Determination isn't always such a detriment. It was determination that propelled me to defy doctors' prognoses and prove that I CAN still succeed, even with this disease in my brain. They were convinced that I would live with cognitive disabilities for the rest of my life, but with hard work, I recovered fully, graduating on time with my senior class with the top of my class.

    But CNS vasculitis had interrupted my plans. Since I had a late start to my senior year, I was not able to meet the deadline for university applications. I took a six month hiatus and reevaluated. I decided to move to the west coast and start my university career in January. This move turned into one of my biggest blessings in life as I came to find my passion in social sciences, encountered wonderful friends, and eventually met and married my husband.

    Five years had passed by without my diagnosis disabling me in any way. In 2011, I had applied to the social work graduate program in Toronto, and was eager to begin my graduate. I had my two year outlook: get married, move to Toronto, go to grad school, graduate with an MSW and start my planned career.

    But even the best-laid plans can be interrupted unexpectedly, and once again my illness resurfaced and forced me to reevaluate my priorities. My husband and I decided not to move, and that I would postpone graduate school. Graduate school is - of course- very stressful, and stress would only exacerbate my illness and impede recovery.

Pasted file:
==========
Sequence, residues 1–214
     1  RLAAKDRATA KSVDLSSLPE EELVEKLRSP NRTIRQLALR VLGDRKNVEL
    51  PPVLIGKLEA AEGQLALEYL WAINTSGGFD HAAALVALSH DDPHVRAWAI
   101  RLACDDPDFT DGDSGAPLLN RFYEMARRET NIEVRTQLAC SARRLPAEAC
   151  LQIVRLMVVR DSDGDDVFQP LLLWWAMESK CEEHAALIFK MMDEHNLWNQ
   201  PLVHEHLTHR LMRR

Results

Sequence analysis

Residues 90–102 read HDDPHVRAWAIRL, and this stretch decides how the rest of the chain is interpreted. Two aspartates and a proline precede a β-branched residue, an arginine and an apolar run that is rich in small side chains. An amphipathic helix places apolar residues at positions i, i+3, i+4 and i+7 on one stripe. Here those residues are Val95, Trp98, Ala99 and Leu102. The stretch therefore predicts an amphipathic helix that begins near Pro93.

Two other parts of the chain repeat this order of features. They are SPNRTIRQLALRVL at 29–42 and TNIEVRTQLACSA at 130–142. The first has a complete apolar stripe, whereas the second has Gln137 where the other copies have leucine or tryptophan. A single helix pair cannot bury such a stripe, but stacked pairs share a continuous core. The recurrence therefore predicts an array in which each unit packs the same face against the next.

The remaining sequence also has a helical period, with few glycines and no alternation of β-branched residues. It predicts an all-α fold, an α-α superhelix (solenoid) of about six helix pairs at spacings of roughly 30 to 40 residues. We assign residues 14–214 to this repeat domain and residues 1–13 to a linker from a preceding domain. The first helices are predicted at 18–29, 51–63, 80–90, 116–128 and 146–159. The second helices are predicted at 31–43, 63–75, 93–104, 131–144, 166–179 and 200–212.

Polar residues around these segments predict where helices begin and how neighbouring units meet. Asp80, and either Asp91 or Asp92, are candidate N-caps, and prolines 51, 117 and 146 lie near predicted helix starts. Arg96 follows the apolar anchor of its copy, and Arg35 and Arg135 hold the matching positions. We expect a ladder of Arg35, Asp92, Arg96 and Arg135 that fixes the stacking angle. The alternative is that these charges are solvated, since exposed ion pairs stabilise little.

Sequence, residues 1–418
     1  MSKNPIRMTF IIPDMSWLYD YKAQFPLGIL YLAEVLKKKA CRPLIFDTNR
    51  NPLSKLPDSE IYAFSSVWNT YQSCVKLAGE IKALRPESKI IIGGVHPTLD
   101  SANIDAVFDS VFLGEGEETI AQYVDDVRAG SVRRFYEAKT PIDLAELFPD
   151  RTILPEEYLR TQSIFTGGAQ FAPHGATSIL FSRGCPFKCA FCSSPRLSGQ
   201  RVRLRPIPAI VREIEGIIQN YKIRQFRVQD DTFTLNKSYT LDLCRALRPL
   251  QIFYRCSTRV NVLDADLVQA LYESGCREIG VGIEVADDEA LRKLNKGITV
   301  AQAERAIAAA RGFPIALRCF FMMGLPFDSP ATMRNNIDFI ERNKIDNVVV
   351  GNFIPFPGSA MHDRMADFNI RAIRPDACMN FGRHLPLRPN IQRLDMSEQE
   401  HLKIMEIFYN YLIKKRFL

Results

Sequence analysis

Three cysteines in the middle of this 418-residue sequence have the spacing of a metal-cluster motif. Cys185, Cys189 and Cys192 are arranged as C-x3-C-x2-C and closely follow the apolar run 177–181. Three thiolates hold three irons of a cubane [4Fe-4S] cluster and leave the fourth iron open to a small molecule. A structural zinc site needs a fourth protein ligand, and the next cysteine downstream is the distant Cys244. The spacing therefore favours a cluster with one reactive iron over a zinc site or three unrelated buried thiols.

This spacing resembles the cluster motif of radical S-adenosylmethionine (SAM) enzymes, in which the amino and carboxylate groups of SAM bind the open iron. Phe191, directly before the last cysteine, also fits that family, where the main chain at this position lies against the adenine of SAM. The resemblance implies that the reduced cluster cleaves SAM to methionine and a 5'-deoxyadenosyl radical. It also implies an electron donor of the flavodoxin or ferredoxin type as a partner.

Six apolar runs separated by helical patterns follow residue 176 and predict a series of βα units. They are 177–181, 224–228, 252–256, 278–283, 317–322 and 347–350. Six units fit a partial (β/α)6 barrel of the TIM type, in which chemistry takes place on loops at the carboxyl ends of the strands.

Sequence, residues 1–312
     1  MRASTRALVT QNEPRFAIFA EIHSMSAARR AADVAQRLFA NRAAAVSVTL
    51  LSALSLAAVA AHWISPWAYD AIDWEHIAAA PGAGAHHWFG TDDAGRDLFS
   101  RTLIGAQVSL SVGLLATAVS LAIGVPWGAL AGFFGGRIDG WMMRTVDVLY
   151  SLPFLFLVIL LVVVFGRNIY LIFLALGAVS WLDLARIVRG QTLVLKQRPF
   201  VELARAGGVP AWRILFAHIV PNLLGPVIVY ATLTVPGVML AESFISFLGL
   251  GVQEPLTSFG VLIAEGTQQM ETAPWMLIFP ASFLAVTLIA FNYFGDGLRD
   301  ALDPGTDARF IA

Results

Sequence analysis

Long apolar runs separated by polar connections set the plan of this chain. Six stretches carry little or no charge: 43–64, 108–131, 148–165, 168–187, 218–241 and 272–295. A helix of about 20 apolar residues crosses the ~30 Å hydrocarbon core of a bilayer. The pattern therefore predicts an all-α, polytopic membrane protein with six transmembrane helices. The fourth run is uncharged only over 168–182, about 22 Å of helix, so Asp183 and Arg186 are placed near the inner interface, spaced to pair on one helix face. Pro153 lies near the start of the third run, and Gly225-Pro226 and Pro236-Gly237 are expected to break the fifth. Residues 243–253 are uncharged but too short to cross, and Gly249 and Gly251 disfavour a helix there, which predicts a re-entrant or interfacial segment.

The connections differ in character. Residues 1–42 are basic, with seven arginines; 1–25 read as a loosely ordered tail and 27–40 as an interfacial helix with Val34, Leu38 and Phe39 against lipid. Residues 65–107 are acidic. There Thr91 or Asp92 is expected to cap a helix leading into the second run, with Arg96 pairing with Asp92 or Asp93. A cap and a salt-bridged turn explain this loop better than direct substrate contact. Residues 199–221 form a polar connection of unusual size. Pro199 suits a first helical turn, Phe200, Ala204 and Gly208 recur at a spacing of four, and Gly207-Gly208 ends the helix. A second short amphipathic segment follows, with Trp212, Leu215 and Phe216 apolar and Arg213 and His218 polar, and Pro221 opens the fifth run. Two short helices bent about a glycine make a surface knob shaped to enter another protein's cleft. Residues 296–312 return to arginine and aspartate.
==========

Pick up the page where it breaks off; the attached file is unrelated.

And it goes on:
My bachelor's degree is only in social sciences, with a certificate in human services, a concentration in sociology, and a minor in political studies and psychology. It may all sound great on my resume but it is still not enough to start a social worker's career without an MSW.

    I did recover from my flare up in 2011, but once again, priorities shifted and my goals became muddled. What can I do with my life now? Although I still desired to get my masters degree, I was not sure if it was worth investing the hundred thousand dollars in tuition at an American university (as opposed to investing ten thousand dollars in a Canadian university as originally planned).

    My husband started a new career path in IT that he enjoys. I started a new job as a behavior technician working with teenagers and children who have special needs, but even at that job, I hear the voices of my past whispering, "You're so smart. You can do so much more. You have so much potential. This is not enough. You are wasting your talent, wasting your time…you are wasting your life."

    The dangers of having a driven personality is that sometimes you don't know exactly where you are driving, you just have this sense of urgency that there is always something better you can do, there is always that next goal to strive for, there is no peace in your current circumstance.